Deere v. Deere, WD 83906

CourtCourt of Appeal of Missouri (US)
Writing for the CourtCynthia L. Martin, Judge
Citation627 S.W.3d 604
Parties Isaiah DEERE and Isabel Deere by Her Next Friend William Jesse Blankenship, Jr., and William Jesse Blankenship, Jr., Appellant, v. April I. DEERE, Respondent.
Decision Date29 June 2021
Docket NumberWD 83906

627 S.W.3d 604

Isaiah DEERE and Isabel Deere by Her Next Friend William Jesse Blankenship, Jr., and William Jesse Blankenship, Jr., Appellant,
v.
April I. DEERE, Respondent.

WD 83906

Missouri Court of Appeals, Western District.

OPINION FILED: June 29, 2021


William J. Blankenship, Jr., Appellant Pro Se.

Cynthia H. Kramer, Fulton, MO, for respondent.

Before Division Four: Cynthia L. Martin, Chief Judge, Presiding, Lisa White Hardwick, Judge and Thomas N. Chapman, Judge

Cynthia L. Martin, Judge

William Jesse Blankenship, Jr. ("Blankenship") appeals from a judgment of paternity, custody and support. Because of material deficiencies in Blankenship's brief, and because of Blankenship's failure to file a transcript of the trial giving rise to the judgment, we are unable to conduct meaningful

627 S.W.3d 606

appellate review and Blankenship's appeal is dismissed.

Factual and Procedural Background

Blankenship and April Irene Deere ("Deere") were never married, but were at one time in a relationship. On September 14, 2014, embryos were created at a reproductive clinic in North Carolina using Blankenship's sperm and Deere's eggs. Blankenship and Deere's relationship ended near this time frame.

On September 11, 2017, Deere had the embryos implanted at her sole cost and expense. Blankenship claimed this was without his permission, and that his signature was required and forged in order for Deere to be able to access the embryos.

On May 18, 2018, twin children (a son and a daughter) were born to Deere from the implanted embryos. Blankenship requested a DNA test which determined in or around July 2018 that Blankenship was the biological father of the children.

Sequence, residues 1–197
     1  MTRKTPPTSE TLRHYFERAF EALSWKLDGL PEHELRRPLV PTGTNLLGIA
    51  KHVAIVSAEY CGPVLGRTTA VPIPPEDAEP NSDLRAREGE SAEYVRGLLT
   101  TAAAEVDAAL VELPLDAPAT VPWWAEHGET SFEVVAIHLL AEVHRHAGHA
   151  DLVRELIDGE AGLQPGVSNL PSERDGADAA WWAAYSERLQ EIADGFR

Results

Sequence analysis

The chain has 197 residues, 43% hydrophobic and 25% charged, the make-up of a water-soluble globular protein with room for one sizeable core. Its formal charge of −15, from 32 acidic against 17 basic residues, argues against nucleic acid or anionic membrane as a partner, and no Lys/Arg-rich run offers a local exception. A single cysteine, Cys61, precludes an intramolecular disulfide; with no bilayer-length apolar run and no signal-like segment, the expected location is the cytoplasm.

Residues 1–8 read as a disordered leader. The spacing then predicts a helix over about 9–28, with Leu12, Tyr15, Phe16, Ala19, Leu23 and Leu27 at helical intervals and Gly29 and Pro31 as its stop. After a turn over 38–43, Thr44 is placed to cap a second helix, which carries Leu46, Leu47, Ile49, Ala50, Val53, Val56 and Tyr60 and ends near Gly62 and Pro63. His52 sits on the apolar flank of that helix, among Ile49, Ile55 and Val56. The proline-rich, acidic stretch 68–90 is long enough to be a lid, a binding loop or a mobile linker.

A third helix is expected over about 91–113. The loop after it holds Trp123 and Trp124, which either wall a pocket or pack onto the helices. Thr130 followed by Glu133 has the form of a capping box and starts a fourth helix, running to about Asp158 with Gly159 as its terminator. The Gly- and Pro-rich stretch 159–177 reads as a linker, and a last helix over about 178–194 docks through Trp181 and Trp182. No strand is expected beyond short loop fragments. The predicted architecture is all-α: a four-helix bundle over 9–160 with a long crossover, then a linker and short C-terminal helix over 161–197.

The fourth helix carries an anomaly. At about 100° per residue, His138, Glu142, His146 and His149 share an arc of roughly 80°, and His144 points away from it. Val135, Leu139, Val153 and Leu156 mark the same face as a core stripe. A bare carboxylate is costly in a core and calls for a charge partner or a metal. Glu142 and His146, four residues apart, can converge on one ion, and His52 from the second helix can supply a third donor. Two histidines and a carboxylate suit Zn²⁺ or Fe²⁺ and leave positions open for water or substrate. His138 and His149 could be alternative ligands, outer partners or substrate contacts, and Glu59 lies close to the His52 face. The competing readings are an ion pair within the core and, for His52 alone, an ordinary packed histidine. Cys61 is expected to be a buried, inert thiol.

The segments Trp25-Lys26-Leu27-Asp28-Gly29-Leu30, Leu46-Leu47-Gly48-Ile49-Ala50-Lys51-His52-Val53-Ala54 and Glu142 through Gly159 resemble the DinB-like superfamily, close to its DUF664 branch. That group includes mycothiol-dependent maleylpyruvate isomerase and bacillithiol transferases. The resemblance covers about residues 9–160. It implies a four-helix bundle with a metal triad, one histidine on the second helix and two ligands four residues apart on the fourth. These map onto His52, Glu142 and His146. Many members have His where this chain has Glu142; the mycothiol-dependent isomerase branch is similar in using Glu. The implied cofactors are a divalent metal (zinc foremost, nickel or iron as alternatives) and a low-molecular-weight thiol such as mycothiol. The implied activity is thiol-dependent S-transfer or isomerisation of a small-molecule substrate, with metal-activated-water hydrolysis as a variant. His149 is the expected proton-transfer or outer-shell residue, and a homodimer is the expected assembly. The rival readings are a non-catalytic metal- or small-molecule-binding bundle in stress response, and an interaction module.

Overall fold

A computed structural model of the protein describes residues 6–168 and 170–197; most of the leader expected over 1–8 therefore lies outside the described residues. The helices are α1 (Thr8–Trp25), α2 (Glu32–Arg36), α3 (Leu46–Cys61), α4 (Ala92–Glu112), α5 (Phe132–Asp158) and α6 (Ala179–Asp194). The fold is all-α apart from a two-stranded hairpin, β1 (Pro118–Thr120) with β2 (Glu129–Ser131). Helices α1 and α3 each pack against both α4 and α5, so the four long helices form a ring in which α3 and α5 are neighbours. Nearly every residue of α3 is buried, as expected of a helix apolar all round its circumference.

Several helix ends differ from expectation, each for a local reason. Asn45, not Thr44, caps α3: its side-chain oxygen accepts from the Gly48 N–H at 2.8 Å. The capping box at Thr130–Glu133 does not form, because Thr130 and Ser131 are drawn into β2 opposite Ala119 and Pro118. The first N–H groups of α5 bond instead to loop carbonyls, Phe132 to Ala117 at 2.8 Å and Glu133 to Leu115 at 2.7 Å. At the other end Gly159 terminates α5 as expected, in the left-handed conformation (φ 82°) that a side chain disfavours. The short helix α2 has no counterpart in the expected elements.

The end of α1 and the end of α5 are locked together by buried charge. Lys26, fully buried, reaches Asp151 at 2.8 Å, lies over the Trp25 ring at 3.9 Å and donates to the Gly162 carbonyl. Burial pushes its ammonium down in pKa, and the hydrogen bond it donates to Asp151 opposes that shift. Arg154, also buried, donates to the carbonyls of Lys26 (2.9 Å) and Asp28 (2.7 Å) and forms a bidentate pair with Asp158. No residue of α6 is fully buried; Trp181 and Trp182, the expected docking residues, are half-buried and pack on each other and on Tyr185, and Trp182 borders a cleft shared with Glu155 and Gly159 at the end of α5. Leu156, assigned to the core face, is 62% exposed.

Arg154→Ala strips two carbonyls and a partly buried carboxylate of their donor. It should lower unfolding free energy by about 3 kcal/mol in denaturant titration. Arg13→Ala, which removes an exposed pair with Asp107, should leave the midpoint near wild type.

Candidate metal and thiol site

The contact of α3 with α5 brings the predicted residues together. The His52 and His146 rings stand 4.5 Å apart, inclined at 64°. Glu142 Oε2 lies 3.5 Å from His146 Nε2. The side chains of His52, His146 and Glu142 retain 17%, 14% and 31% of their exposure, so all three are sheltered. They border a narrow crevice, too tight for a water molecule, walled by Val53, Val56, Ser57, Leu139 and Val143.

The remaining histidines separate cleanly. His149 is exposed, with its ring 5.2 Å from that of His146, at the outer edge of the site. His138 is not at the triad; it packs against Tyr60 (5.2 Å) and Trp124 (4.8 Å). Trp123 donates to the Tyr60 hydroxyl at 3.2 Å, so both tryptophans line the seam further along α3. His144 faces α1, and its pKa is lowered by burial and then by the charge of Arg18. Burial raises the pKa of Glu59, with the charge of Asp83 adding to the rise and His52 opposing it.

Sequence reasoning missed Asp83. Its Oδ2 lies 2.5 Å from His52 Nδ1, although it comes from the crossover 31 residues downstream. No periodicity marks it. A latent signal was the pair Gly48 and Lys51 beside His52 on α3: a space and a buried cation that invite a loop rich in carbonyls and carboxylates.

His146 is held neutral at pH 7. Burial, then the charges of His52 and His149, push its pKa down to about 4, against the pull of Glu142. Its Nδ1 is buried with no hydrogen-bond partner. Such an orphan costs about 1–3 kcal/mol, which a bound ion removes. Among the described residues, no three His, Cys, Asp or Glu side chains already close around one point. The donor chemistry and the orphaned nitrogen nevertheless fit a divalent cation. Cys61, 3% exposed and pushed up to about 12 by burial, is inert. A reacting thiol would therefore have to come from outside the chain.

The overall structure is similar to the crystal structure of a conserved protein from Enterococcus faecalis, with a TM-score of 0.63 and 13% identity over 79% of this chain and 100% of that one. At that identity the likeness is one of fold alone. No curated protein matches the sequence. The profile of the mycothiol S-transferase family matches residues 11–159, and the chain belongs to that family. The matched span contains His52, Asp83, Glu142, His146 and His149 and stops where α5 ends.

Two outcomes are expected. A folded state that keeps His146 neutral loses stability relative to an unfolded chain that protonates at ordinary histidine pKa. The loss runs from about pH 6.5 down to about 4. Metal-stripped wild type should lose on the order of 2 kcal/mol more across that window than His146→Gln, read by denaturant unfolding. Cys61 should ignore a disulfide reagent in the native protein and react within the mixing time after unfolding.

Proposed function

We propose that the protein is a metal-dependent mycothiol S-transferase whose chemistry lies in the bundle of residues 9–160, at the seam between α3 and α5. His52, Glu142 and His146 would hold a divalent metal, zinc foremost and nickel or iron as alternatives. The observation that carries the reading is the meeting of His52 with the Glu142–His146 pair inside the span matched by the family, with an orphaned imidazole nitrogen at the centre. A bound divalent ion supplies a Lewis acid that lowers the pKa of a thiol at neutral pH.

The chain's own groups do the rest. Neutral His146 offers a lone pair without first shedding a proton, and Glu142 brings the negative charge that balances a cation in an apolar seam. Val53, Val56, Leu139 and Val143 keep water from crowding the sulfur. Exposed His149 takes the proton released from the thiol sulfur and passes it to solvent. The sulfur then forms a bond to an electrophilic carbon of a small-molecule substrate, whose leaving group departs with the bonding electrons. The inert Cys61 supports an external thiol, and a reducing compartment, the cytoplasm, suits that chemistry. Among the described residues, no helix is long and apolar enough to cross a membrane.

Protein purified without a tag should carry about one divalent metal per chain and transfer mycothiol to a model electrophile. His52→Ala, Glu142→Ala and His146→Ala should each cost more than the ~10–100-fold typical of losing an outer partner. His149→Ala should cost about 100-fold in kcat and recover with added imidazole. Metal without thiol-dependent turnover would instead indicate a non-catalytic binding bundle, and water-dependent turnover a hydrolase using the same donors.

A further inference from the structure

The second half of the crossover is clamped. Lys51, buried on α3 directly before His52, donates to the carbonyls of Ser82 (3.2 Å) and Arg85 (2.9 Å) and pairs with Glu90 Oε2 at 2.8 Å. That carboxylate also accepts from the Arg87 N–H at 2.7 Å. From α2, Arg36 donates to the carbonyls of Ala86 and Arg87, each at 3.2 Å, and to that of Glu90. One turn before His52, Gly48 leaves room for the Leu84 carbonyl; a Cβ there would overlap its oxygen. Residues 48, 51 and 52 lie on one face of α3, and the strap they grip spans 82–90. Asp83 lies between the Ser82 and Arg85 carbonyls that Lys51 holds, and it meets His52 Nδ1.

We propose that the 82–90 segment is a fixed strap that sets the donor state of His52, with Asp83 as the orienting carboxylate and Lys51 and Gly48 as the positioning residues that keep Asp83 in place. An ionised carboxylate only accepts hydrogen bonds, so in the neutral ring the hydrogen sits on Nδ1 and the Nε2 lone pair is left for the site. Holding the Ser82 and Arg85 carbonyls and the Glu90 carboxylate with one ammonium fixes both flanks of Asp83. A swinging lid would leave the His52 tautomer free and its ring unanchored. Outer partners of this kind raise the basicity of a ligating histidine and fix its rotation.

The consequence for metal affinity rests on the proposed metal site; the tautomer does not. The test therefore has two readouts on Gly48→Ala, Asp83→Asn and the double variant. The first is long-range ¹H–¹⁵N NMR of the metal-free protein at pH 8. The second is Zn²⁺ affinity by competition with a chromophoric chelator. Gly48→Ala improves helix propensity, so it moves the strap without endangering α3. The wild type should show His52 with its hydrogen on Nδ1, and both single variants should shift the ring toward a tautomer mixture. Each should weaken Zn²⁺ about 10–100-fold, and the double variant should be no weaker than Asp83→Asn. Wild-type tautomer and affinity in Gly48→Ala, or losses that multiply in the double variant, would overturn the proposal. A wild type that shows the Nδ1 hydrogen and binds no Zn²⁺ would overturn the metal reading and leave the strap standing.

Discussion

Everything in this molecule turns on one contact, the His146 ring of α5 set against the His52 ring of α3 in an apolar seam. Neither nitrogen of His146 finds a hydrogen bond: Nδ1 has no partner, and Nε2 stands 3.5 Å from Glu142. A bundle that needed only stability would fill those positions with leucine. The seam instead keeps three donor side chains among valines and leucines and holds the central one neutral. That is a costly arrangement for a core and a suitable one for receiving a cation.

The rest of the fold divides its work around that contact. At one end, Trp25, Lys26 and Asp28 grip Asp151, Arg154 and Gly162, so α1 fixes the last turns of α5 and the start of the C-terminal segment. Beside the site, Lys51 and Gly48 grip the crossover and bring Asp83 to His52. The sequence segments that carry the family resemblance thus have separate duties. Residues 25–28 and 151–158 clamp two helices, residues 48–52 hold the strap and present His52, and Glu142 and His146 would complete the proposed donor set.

On August 6, 2018, Blankenship filed a petition for determination of father-child relationship, order of custody, visitation, and child support against Deere in the Circuit Court of Callaway County. Blankenship's petition sought a legal declaration that he was the father of the two minor children, and an award of custody, parenting time, and child support. Blankenship was represented by counsel at that time he filed his petition. Deere filed an answer to the petition, and a counterclaim for a declaration of paternity, for custody, and for an award of child support.

A guardian-ad-litem ("GAL") was appointed to represent the interests of the children. During the pendency of the proceedings, several temporary consent judgments were entered awarding temporary joint legal and physical custody of the children to the parties, and setting forth temporary parenting time schedules.

In or around March 2020, Blankenship's attorney withdrew from his representation, and Blankenship began representing himself. On April 28, 2020, Blankenship's pleadings were stricken as a sanction for failing to deposit GAL fees as ordered.

On June 3, 2020, Deere's counterclaim was tried. On June 25, 2020, the trial court entered a judgment ("Judgment").1 The trial court found that Blankenship and Deere were unsuccessful in being flexible with the parenting times set forth in temporary consent judgments. The trial court found that the parties were unable to communicate regarding the children's welfare and at exchanges of the children, and that the inability to communicate "adversely impacts the best interests of the children." The trial court noted that both children were experiencing speech development issues, and that son had been diagnosed as autistic, but that Blankenship "refused to allow the children to receive ... recommended services." The trial court further found that the parties had unsuccessfully participated in coparenting classes with a high conflict parenting counselor, and that the "parties are unable to work together for the children's best interests as coparents."

The Judgment adopted Deere's proposed parenting plan and incorporated it by reference. That same proposed parenting plan had been recommended by the GAL, and continued the parenting time schedule set forth in the most recent temporary consent judgment. As a result, Blankenship was awarded visitation on alternate weekends and for certain holidays and special days, as set forth in the